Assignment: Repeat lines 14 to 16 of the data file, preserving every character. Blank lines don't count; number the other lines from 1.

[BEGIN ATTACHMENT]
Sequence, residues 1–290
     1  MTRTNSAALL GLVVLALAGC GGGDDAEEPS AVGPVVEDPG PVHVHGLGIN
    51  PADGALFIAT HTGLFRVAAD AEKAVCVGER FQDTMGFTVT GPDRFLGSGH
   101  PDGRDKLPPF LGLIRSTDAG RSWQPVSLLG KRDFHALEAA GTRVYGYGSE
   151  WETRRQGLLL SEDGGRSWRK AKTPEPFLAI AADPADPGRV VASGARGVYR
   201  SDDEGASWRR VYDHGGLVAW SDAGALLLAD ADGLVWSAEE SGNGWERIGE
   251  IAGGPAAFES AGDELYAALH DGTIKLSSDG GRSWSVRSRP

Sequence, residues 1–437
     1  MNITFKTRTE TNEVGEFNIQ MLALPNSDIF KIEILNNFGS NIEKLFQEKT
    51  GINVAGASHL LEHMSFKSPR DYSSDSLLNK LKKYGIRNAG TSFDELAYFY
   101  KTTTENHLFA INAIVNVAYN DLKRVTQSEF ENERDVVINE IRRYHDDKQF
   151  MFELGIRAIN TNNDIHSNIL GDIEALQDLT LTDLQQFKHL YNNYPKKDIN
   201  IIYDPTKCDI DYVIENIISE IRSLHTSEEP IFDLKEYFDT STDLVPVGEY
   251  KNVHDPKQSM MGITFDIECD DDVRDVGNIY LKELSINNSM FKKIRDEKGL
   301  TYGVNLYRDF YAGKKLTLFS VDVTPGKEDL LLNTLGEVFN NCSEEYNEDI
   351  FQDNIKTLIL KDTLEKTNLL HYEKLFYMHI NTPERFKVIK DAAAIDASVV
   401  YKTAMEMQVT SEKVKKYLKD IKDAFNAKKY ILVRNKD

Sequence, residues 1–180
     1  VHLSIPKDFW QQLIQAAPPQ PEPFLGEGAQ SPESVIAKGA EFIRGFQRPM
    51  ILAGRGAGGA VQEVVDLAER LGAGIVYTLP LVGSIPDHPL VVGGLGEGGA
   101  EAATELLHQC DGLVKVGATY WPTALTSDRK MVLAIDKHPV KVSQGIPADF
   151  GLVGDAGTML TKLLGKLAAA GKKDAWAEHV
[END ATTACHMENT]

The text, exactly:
   251  KNVHDPKQSM MGITFDIECD DDVRDVGNIY LKELSINNSM FKKIRDEKGL
   301  TYGVNLYRDF YAGKKLTLFS VDVTPGKEDL LLNTLGEVFN NCSEEYNEDI
   351  FQDNIKTLIL KDTLEKTNLL HYEKLFYMHI NTPERFKVIK DAAAIDASVV